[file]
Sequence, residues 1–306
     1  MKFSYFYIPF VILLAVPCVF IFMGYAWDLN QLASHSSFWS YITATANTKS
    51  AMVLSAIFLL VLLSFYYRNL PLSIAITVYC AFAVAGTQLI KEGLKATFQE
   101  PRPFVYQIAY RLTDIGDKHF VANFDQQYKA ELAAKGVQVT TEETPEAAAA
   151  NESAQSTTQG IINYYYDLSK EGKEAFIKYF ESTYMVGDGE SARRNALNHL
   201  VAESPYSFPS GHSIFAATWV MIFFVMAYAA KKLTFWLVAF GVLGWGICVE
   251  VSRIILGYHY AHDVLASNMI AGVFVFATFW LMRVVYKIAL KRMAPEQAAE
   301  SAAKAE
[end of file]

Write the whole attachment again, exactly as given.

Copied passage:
Sequence, residues 1–306
     1  MKFSYFYIPF VILLAVPCVF IFMGYAWDLN QLASHSSFWS YITATANTKS
    51  AMVLSAIFLL VLLSFYYRNL PLSIAITVYC AFAVAGTQLI KEGLKATFQE
   101  PRPFVYQIAY RLTDIGDKHF VANFDQQYKA ELAAKGVQVT TEETPEAAAA
   151  NESAQSTTQG IINYYYDLSK EGKEAFIKYF ESTYMVGDGE SARRNALNHL
   201  VAESPYSFPS GHSIFAATWV MIFFVMAYAA KKLTFWLVAF GVLGWGICVE
   251  VSRIILGYHY AHDVLASNMI AGVFVFATFW LMRVVYKIAL KRMAPEQAAE
   301  SAAKAE